Adams Papers

John Adams to Abigail Adams, 22 November 1798

John Adams to Abigail Adams

Van Tilsburys 3 miles from Princton
Thursday Evening
24 I believe [22] of Nov. 17981

My Dearest Friend

We Spent Sunday at Stanford at Webbs went to Meeting forenoon and afternon, and on Monday went to Dinner at East Chester. Tuesday in a Violent Snow storm went into New York, dined & Slept at Charles’s. Wednesday crossed the Ferry and went to Elizabeth Town. This day We came five and thirty miles to this Place. From New York our poor Horses have waded and dragged the Carriage through Snow banks and Mud, till I have dreaded their failure. They have Supported the fatigue however a mervaille and even Sloven as lean as a lath has brought along Frank in the Saddle very well. We have yet five and thirty miles to Phyladelphia. I hope to reach McElroys tomorrow and go into the City on Saturday. Mr Shaw has been very good and the Coachman and Footman or Horseman have done their duty with great Care and Fidelity.

I have heard nothing from you Since Mrs Smith left you, and I have Anxieties enough on your Account, as you may easily imagine.

I have no news from Brisler and know not the Condition of the House, but I shall alight at the Door on Saturday.

All Ideas of the Fever both at New York and Phyladelphia, are lost and nobody Speaks of it now.

We had Scarcely become warm at our Fireside, when Mr and Mrs Liston and Lord Henry Steuart came in travelling also to Phyladelphia.2 They used a Slay for the first time of their Lives to day. Very polite Inquiries after your health.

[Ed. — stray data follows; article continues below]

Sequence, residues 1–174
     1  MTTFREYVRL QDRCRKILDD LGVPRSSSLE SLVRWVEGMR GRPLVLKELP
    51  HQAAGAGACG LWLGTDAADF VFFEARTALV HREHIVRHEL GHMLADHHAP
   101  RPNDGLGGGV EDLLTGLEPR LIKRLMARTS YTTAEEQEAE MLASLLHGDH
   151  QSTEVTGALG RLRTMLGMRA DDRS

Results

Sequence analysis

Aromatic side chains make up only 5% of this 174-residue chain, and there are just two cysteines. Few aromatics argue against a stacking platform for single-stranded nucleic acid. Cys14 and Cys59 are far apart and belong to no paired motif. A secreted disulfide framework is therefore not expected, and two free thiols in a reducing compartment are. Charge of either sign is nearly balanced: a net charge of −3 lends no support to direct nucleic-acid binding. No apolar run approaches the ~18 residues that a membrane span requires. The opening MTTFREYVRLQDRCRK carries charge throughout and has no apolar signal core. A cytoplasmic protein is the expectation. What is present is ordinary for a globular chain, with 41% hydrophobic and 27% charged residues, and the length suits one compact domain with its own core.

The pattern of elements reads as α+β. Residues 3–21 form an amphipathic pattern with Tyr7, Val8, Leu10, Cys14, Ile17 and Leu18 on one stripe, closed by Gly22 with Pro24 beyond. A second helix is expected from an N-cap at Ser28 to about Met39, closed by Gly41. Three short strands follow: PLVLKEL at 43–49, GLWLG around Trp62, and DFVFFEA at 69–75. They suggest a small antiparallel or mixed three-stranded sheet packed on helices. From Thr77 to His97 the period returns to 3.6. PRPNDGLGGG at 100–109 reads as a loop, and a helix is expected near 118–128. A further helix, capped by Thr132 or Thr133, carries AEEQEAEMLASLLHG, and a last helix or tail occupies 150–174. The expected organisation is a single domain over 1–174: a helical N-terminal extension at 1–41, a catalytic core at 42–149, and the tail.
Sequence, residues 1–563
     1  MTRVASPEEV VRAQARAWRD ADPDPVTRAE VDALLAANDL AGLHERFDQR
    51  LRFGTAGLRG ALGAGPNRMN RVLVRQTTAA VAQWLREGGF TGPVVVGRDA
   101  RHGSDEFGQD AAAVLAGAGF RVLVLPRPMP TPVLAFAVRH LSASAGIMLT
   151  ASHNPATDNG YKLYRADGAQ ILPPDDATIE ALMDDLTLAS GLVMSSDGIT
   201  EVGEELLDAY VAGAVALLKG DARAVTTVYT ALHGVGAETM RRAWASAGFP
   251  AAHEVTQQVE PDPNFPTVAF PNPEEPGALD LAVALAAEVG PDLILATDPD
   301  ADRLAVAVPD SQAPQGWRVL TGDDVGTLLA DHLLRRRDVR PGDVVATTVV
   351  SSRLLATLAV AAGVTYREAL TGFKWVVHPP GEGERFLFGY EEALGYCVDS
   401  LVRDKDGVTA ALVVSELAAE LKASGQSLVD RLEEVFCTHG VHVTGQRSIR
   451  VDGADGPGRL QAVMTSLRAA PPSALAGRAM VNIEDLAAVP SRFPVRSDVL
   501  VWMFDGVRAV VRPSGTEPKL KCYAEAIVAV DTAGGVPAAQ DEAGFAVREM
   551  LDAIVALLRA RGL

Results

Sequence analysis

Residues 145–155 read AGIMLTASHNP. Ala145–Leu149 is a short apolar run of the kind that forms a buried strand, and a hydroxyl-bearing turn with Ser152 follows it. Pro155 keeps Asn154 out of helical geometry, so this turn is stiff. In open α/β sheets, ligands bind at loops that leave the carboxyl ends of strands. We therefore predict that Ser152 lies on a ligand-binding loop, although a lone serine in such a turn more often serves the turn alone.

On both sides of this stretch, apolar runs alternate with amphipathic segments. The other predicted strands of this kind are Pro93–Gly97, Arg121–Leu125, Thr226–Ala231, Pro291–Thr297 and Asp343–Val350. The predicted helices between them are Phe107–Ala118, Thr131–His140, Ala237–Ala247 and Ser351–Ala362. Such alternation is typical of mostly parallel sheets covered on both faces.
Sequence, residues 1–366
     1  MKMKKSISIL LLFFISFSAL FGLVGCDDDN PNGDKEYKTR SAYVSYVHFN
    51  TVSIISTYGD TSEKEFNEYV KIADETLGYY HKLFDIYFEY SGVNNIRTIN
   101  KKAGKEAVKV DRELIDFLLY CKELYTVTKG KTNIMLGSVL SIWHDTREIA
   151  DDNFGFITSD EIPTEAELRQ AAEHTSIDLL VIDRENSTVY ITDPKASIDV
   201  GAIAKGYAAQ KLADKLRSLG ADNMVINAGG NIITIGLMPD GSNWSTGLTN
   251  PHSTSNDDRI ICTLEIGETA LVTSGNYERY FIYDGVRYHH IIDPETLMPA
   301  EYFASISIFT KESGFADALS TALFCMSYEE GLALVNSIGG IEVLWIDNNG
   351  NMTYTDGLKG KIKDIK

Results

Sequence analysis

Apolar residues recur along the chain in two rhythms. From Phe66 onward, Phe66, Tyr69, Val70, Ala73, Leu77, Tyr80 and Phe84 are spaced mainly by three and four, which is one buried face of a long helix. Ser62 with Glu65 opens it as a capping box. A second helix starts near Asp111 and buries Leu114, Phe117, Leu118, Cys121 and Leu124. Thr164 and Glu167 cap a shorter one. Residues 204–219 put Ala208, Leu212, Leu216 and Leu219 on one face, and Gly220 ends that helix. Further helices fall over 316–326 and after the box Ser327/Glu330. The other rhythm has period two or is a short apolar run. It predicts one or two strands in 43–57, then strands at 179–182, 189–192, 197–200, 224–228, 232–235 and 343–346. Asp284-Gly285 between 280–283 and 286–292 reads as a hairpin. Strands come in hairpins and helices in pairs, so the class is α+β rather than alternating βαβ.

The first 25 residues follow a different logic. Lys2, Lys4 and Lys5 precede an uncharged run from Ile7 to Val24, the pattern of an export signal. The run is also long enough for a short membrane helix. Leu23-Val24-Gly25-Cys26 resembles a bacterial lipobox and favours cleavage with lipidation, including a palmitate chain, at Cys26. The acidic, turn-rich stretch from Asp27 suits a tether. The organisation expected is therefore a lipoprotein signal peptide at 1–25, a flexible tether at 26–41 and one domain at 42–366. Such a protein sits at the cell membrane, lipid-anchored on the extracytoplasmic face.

You cannot be thankful enough that you did not Attempt to come on.

Adieu, my Dear Friend— Make yourself as happy as you can: And take every possible care of your health.

Mr Shaw Sends his Duty. I am as / ever

J. A

RC (Adams Papers); internal address: “Mrs A.”; endorsed: “J A, Nov’br / 28th / 1798.”

1JA misdated this letter: 22 Nov. fell on a Thursday while the 24th was a Saturday.

2Sir Robert Liston and Henrietta Marchant Liston left Philadelphia in August to escape yellow fever. They spent three months touring New York and New England and left New York in late November on their return to Philadelphia. Accompanying them was Lord Henry Petty Stuart (1777–1809), who after completing his education served as Liston’s private secretary (The Travel Journal of Henrietta Marchant Liston: North America & Lower Canada, 1796–1800, ed. Louise V. North, Lanham, Md., 2014, p. 14, 15, 50, 51, 104; Bradford Perkins, “A Diplomat’s Wife in Philadelphia: Letters of Henrietta Liston, 1796–1800,” WMQ description begins William and Mary Quarterly. description ends , 11:619–621 [Oct. 1954]).

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